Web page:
Dividing Professional And Educational Assets
It is important to retain legal counsel that has years of experience in representing clients in divorce actions that have active and passive business interests, to protect that client from an opponent’s overstated or understated valuation.
This includes but is not limited to professional practices, cash businesses, closely held corporations, business reality, goodwill, account receivables, machinery, vehicles and other assets including inventory that needs to be equitably divided.
Typically, the actively engaged spouse in the business/professional practice will need to buy out the other more passively engaged spouse’s marital interest as part of a comprehensive divorce settlement agreement and/or from a court-ordered distribution after a trial. The values can usually be determined through expert testimony and through negotiation. Forensic accountants and business evaluators will be retained for such purposes and it will be necessary to match the business/professional practice with the proper expert that will testify to achieve the best results for our client.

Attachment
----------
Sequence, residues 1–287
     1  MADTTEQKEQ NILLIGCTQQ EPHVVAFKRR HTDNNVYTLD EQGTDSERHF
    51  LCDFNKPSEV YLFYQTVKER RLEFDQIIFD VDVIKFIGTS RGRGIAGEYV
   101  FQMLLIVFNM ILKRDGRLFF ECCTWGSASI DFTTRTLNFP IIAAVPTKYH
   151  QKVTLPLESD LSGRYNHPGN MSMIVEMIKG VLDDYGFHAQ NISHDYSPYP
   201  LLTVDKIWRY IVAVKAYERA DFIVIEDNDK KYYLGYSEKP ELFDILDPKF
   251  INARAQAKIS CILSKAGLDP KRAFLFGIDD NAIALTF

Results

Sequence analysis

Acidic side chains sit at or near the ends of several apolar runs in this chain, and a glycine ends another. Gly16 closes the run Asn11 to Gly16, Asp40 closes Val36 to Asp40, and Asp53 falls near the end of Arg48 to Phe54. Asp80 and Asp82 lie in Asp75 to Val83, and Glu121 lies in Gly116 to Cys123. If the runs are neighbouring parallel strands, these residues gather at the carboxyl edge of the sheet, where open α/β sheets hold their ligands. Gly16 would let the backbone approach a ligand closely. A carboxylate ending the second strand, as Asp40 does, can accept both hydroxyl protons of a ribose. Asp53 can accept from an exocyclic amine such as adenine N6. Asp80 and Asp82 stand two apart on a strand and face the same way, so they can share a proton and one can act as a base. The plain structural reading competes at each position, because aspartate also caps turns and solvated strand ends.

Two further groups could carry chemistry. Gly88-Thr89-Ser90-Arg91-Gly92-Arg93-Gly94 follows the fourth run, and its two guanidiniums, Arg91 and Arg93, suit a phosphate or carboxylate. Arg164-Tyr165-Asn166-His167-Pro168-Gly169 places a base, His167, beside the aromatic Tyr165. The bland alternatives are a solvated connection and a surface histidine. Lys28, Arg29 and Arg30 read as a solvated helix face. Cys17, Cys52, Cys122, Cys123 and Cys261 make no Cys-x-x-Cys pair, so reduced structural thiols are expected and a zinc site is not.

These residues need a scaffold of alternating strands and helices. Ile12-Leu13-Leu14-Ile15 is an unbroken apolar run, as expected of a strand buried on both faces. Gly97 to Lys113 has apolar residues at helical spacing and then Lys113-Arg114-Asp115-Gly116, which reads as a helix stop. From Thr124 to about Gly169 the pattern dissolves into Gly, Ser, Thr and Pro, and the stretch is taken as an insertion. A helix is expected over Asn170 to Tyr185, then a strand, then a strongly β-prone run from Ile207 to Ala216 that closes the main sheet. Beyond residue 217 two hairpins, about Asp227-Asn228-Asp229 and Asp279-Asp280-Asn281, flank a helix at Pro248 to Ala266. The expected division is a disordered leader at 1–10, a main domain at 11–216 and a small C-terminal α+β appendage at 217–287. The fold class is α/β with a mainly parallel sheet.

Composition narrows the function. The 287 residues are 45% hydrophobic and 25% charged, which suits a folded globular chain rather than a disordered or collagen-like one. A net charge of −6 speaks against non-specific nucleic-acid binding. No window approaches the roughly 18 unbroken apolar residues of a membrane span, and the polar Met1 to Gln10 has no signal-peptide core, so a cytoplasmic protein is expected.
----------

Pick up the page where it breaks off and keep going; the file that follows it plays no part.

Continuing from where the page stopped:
Important note on marital property.
If the business/professional practice was acquired by one spouse before the marriage, what will be subject to division is not the business/practice itself, but its appreciation in value over the length of the marriage and the respective contributions made to same by the parties. If the business/professional practice was started during the marriage with the separate property (including a premarital degree or professional license) of either spouse, we will treat that spouse’s contribution as their separate property. Go to my Professional Licenses/Enhanced Earnings page for more information.
When it comes to Professional licenses or degrees acquired during the marriage, under the New York Domestic Relations law, academic degrees, professional licenses and occupational certificates have potential value as marital property, subject to division (equitable distribution) between the divorcing spouses. There are different methods of evaluating degrees and professional licenses. Essentially, the present value of the enhanced earning stream represented by the degree, professional license or certificate is what is subject to being equitably divided. We will retain one or more experts to express an opinion as to the value over a given period of time.
Experience here is what makes the difference in your case. I am lawyer Kurt Richards, and in more than 25 years, I have successfully represented more than 3,000 family law clients in Staten Island and New Jersey.
Contact us for a FREE consultation to learn your rights: 718-720-1000.